The Notice states that Treasury intends to issue regulations to allow taxpayers with disqualified interest under old section 163(j) in the last taxable year beginning before January 1, 2018 to carry forward the disallowed interest amount and treat it as business interest incurred in the first taxable year beginning after December 31, 2017. The amount carried forward will be subject to limitation under the provisions of new section 163(j). This amount will also be subject to new section 59A tax on base erosion payments in the same manner as interest paid or accrued in a taxable year beginning after December 31, 2017, and the expected regulations will clarify how section 59A applies to that interest. Thus, interest paid to a foreign related party in 2017 that was disallowed under old section 163(j) will be treated as interest paid to the foreign related party in 2018 for purposes of the tax on base erosion payments, to the extent a deduction is otherwise allowable for such interest.
Since new section 163(j) does not provide for any carryover of excess limitation amounts, the Notice indicates that Treasury will issue regulations providing that no excess limitation carryforward will be allowed from the old section 163(j) provisions to any taxable year beginning after December 31, 2017.
C Corporations: Business Interest
The Notice provides that solely for purposes of section 163(j), all interest expense of a C corporation will be considered properly allocable to a trade or business. Similarly all interest income earned by a C corporation will be considered business interest income. Thus, both interest income and interest expense of a C corporation cannot be treated as excludable investment items under the section 163(j) limitation. The forthcoming regulations will provide guidance on whether and to what extent interest expense of a partnership with a C corporation partner will be treated as non-business interest. If the regulations allow for investment interest at the partnership level to be treated as investment interest at the C corporation level, the expense could avoid the section 163(j) limitation. Accordingly, it is expected that regulations will recharacterize a C corporation’s share of partnership investment interest as business interest expense subject to the section 163(j) limitation.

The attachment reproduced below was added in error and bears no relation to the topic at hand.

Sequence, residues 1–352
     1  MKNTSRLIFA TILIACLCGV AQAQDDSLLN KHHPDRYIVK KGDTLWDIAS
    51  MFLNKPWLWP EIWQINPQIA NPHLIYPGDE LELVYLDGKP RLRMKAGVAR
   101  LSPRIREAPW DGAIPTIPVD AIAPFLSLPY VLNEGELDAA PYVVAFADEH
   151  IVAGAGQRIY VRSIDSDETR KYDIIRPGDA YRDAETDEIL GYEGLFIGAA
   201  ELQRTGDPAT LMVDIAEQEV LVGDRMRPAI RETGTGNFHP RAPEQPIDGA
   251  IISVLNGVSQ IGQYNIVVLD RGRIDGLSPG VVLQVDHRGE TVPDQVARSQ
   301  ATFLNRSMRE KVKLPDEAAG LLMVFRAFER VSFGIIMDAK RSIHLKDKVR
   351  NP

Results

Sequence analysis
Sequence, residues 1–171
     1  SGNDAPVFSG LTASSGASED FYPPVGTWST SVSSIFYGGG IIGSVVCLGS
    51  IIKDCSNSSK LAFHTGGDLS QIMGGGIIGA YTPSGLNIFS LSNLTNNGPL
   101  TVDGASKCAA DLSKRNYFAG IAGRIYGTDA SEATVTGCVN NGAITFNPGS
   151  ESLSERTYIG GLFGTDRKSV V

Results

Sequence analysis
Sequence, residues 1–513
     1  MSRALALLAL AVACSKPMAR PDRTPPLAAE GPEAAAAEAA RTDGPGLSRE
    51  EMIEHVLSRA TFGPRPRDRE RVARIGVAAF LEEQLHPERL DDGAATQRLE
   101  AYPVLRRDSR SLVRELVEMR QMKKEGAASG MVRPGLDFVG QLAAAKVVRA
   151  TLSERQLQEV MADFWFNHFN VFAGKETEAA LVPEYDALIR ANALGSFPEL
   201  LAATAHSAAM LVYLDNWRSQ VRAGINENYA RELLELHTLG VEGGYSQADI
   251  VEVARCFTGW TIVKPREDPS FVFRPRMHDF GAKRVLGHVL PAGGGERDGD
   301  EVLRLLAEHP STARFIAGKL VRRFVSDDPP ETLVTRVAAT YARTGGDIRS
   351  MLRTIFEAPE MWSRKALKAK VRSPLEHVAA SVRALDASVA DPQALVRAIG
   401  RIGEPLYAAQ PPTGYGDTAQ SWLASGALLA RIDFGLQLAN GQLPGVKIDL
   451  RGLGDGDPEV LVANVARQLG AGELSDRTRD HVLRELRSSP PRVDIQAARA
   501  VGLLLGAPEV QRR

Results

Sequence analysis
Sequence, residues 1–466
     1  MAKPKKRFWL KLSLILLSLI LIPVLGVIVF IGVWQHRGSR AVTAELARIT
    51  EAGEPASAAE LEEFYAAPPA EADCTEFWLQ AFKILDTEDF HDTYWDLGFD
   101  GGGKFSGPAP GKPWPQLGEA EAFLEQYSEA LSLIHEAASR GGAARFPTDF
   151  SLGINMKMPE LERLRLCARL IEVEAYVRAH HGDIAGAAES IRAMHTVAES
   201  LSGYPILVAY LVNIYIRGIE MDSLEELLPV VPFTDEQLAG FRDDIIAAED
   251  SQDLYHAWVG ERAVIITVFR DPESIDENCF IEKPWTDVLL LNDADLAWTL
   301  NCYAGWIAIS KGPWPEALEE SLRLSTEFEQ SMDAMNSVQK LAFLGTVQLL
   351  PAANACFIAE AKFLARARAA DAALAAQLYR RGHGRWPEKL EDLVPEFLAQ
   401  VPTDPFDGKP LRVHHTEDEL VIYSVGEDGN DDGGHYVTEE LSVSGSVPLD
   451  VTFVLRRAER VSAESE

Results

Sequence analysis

Application to Consolidated Groups
The Notice states that Treasury intends to issue regulations clarifying that the limitation applies at the consolidated group level. Consolidated taxable income is expected to be used for the purposes of calculating adjusted taxable income under section 163(j)(8). The Notice also states that intercompany obligations will be disregarded for the purposes of determining the limitation. This treatment appears consistent with the principles of the existing consolidated return regulations treating a consolidated group under a “single entity” concept. The Notice states this concept is not expected to be extended to affiliated groups not filing a consolidated return.